What treatments are available?
Nonsurgical treatments: Physical therapy, chiropractic manipulation, and stretching exercises help many patients. Some patients may require oral anti-inflammatory medications or topical patches, creams, salves or mechanical bracing.
Figure 2. A needle is gently guided into the sacroiliac joint using x-ray fluoroscopy. An anesthetic and corticosteroid mixture (green) is injected into the inflamed joint.
Joint injections: Steroids can reduce the swelling and inflammation of the nerves. Joint injections are a minimally invasive procedure that involves an injection of a corticosteroid and an analgesic-numbing agent into the painful joint (Fig. 2). While the results tend to be temporary, if the injections are helpful they can be repeated up to three times a year.
Nerve ablations: Injections into joints or nerves are sometimes called “blocks.” Successful SI joint injections may indicate that you could benefit from radiofrequency ablation – a procedure that uses an electrical current to destroy the nerve fibers carrying pain signals in the joint.
Surgery: If nonsurgical treatments and joint injections do not provide pain relief, your physician may recommend minimally invasive SI joint fusion surgery. Through a small incision, the surgeon places titanium (metal) implants and bone graft material to stabilize the joint and promote bone growth. The surgery takes about an hour. The patient may go home the same day or following day. For several weeks after surgery, the patient cannot bear full weight on the operated side and must use crutches for support.
Figure 3. In a sacroiliac joint fusion, rod and/or screw devices are placed across the joint to stop painful motion.
Recovery and prevention
A positive attitude, regular activity, and a prompt return to work are all very important elements of recovery. If regular job duties cannot be performed initially, modified (light or restricted) duty may be prescribed for a limited time.
Prevention is key to avoiding recurrence:
- Proper lifting techniques
- Good posture during sitting, standing, moving, and sleeping
- Regular exercise with stretching /strengthening
- An ergonomic work area
- Good nutrition, healthy weight, lean body mass
- Stress management and relaxation techniques
- No smoking
Sources & links
If you have questions, contact Mayfield Brain & Spine at 800-325-7787 or 513-221-1100.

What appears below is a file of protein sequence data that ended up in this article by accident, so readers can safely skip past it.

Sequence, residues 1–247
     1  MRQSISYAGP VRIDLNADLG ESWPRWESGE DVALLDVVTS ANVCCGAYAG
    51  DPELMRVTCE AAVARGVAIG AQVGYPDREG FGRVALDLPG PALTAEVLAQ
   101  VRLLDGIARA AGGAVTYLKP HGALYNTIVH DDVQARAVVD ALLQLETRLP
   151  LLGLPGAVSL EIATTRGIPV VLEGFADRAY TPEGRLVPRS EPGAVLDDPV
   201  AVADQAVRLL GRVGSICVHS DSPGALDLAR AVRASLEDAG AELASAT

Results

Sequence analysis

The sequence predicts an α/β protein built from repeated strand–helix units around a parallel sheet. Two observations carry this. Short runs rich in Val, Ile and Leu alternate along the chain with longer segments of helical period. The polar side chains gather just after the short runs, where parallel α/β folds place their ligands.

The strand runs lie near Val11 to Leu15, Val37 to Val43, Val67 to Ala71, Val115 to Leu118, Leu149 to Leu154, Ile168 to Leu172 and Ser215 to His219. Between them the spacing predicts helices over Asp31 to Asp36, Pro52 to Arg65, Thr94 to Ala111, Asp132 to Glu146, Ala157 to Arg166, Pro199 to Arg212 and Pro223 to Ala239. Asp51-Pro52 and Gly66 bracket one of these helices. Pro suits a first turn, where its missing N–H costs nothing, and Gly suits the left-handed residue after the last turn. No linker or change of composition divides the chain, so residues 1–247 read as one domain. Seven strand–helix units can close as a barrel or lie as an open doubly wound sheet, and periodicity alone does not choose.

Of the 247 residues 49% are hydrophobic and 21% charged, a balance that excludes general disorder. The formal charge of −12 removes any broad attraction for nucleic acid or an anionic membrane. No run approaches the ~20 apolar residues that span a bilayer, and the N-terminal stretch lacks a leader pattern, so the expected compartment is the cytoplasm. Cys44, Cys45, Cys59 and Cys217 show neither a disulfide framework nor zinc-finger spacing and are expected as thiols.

updated > 5.2019
reviewed by > Marc Orlando, MD, William Tobler, MD, Mayfield Clinic, Cincinnati, Ohio
Mayfield Certified Health Info materials are written and developed by the Mayfield Clinic. This information is not intended to replace the medical advice of your health care provider.
Sharp, Stabbing Pain in Hip
The hip’s joints help swing your leg while you’re walking the dog. They also allow you to swing your leg out when getting out of the car and make many other common movements possible. However, even these normal daily activities can be a trial if your hip is painful.
Unfortunately, people are all too likely to develop hip pain. Medical researchers report that up to 40% of athletes develop chronic hip pain, and up to 15% of adults over 60 also experience pain in this joint. There is one issue that commonly causes constant sharp, stabbing pain in the hip. Luckily, there are also several treatment options that can help you deal with this issue.
This issue is likely causing the sharp, stabbing pain in your hip
A few issues can cause pain and dysfunction in your hip joints. Hip osteoarthritis and referred pain from the lower back can easily cause hips to be painful. However, people who are feeling sharp, stabbing pains in their hip are likely dealing with an issue called femoroacetabular impingement (FAI).
FAI occurs when the rim of cartilage around the socket of the hip joint, or labrum, is damaged or torn. Typically, this condition leads to symptoms such as: